Though women are not excluded from Islamic finance, the fact remains that women are not a big enough part of the Islamic finance industry.
“They have not been undervalued, but underrepresented,” Maya Marissa Malek, CEO, Amanie Advisors, told Islamic Business & Finance.
According to Malek, there are two reasons that women have traditionally not played a larger role in the Islamic finance industry. “First, Shari’ah advisory services and Shar’iah scholarship has traditionally been in the realm of men. It’s more from the traditional or olden days. Most people associate Shari’ah with the classic Imams or clerics in mosques. But when you get into Islamic commercial law, it’s open for everyone. It doesn’t matter if your Muslim or non-Muslim, man or woman, you can be part of Islamic commercial law. In some countries, it’s more of the lack of participation of Muslim women. They feel that this industry is not for them. Because of this, there have not always been that many potential opportunities for women to be part of the industry,” said Malek.
Shari’ah advisory in particular, which Malek is involved in personally, has even fewer women. “You can count with one hand how many women Shari’ah advisors there are in the industry. But for middle management and human resources in Islamic banks, you can find women, but when you go up the corporate ladder, you do not see as many women in Islamic institutions,” says Malek.
How do we change this in the industry? Since there are more women studying Islamic finance, Shari’ah advisory is a great route for them to take. Shari’ah advisory’s role in Islamic institutions as well, however, must change.
“We need to have an inclusive policy. We need to open doors. Shari’ah advisory is the heart of Islamic finance. Everything that is done in Islamic finance has to comply with Shari’ah principles. As a vocation, however, it’s still new. It’s not like becoming a lawyer or an accountant, it’s new and niche. As it is new, there is a gap between theory and practise. If you come from a Shari’ah background in school, and what you face in the real market, can be very different. Because of this, banks and financial institutions have clustered people from Shari’ah backgrounds into Shari’ah departments.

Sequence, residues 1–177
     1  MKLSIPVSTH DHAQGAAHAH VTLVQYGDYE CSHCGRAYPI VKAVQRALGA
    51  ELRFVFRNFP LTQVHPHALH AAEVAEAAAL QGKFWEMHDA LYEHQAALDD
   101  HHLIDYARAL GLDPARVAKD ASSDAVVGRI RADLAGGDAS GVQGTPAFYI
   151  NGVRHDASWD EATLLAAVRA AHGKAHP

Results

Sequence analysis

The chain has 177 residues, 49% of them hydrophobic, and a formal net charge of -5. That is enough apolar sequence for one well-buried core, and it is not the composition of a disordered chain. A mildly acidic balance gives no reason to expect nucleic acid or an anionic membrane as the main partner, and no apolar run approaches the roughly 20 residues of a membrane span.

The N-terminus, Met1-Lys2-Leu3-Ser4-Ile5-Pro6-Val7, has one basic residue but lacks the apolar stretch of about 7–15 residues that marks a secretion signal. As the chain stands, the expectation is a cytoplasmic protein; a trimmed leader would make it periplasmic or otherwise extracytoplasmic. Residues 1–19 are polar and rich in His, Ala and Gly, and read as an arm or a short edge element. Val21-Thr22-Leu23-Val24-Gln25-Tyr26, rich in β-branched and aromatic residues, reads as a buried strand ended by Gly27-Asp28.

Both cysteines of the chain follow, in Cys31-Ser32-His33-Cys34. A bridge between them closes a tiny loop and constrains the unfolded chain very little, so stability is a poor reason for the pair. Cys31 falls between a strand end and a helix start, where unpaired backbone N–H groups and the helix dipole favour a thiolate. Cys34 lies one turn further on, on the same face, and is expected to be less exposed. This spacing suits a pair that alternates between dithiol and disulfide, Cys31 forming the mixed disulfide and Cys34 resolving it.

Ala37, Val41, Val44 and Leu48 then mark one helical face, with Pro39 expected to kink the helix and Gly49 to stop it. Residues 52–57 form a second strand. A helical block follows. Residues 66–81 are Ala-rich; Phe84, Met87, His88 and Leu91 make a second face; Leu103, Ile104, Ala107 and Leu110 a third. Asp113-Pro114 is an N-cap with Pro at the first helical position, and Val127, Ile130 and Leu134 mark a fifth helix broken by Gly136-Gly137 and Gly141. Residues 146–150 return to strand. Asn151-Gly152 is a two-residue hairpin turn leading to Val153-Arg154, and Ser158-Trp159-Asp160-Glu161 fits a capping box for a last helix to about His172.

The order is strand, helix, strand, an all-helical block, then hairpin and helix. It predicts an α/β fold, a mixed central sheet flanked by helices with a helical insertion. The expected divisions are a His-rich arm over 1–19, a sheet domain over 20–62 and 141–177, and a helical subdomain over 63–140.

“One solution is to bring all Shari’ah experts into all different business aspects within a financial institutions, as all these departments need Shari’ah knowledge. This would also let Shari’ah experts to understand more about how the entire business operates on the ground. The other team members will also understand more what Shari’ah is looking for, and how to integrate it into their business discipline. There is no clear career path as it stands for a Shari’ah advisor to become a CEO of an Islamic bank. This could allow that,” said Malek.
Muhammed Ikram Thowfeek, Founder and Managing Director, MIT Global agrees that women must play a greater role in the industry.